Lingua Franca

(redirected from lingua francas)
Also found in: Dictionary, Thesaurus, Idioms, Encyclopedia.

Lingua Franca

A language used when two or more speakers do not share a native language. A lingua franca is useful in international business, because participants may have different backgrounds. English and French are both examples of a lingua franca commonly used in business.
References in periodicals archive ?
Research in ELF has inspired considerable debate regarding the pedagogic implications of the globalization of English and the role of the language in lingua franca interaction.
Current Perspectives on Pedagogy for English as a Lingua Franca. Berlin: De Gruyter Mouton.
Shifting the Culture of Language in elt." In Current Perspectives on Pedagogy for English as a Lingua Franca, edited by Yasemin Bayyurt and Sumru Akcan, 121-34.
As the pro-term Secretary-General of the then newly formed Union of African writers, part of Soyinka's vision was to make Kiswahili a continental lingua franca. Furthermore he encouraged all African writers to work towards the translation of their works into this continental lingua franca (Jeyifo: 2004: xiii; Chebet-Choge: 2012).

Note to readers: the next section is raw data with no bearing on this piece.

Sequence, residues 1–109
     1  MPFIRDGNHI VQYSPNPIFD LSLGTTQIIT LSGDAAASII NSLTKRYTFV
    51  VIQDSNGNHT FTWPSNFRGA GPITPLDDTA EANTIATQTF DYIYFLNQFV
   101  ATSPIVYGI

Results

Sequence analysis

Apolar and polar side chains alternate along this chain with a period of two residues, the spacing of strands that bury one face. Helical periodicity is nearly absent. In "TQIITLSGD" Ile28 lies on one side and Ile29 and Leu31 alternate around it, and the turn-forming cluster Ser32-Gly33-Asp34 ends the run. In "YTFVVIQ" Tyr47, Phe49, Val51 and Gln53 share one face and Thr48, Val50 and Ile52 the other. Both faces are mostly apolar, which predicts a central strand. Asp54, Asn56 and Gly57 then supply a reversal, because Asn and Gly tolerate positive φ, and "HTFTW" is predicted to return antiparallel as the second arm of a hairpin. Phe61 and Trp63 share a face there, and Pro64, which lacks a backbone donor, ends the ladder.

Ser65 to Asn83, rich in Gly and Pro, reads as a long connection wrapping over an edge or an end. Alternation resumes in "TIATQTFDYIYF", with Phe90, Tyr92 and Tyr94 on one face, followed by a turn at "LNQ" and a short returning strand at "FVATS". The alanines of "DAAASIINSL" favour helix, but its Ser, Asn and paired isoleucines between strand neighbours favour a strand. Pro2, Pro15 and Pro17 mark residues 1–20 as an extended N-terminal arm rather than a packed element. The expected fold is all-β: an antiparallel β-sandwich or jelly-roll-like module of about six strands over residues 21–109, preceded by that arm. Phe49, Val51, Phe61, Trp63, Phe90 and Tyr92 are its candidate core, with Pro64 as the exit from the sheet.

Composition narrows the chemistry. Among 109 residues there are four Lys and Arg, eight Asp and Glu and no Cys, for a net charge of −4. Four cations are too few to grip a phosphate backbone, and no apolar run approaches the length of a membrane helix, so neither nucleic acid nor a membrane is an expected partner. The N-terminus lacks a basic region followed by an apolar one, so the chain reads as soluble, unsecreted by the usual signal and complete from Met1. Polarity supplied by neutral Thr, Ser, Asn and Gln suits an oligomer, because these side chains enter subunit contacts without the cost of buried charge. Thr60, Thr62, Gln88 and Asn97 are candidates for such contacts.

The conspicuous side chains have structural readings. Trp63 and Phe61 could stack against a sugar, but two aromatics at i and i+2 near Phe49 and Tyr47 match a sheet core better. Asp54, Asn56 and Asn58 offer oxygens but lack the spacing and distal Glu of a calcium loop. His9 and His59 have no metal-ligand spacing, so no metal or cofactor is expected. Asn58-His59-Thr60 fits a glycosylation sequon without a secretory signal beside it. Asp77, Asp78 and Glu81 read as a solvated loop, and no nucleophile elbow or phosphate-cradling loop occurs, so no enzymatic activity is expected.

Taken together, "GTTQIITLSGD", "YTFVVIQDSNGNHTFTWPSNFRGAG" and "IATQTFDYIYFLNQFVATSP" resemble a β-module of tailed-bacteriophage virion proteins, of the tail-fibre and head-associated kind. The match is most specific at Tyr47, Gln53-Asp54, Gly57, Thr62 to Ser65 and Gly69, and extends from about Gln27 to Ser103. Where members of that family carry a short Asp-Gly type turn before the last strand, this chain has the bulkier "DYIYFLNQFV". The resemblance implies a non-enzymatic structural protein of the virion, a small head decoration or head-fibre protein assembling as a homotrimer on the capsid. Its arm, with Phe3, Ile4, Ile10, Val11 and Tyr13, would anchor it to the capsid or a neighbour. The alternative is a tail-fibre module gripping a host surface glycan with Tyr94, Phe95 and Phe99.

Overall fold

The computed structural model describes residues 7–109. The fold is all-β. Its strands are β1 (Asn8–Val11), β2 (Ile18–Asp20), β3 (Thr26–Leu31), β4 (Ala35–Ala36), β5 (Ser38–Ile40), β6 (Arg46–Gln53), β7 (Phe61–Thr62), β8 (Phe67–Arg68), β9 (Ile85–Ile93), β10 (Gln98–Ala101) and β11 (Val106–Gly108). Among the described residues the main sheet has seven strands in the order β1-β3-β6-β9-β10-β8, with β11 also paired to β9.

The Late President Julius Nyerere, Ayi Kwei Armah an African writer, and Professor Ali Mazrui, a renowned Pan-Africanist are among the staunch supporters and advocates for the adoption of Kiswahili as a continental lingua Franca (Chimera 2000; Mulokozi 2002; Katembo 2008: 112).
As Kiswahili has no doubt been consolidated as a Regional Lingua Franca (Chebet-Choge 2012), its promotion in the rest of Africa is achievable at least to some extent.
Although it may useful to use simple grammar in English as an international language or lingua franca order to facilitate professional communication in some contexts, (82) it is important to carefully consider the pedagogic implications of such an approach.
Ahvenalnen, Tarmo, Problem-solving Mechanisms in Information Exchange Dialogues with English as a Lingua Franca. Licentiate thesis.
Charles, Mirjaliisa and Leena Louhiala-Salminen, "English as the Lingua Franca of International Business Communication: Whose English?
I am sorry--or when it comes to the idea of an original Uralic lingua franca rather glad--to say that I in no way can share the view expressed, although not explicitely, by R.
Apparently, this ghost is now back to haunt Uralistics, or at least to be used as evidence for an original Uralic lingua franca. R.
Swahili is not to be taken as evidence for an original Uralic lingua franca in this guilt-by-association way, simply because it does not originate in any pidgin or creole language.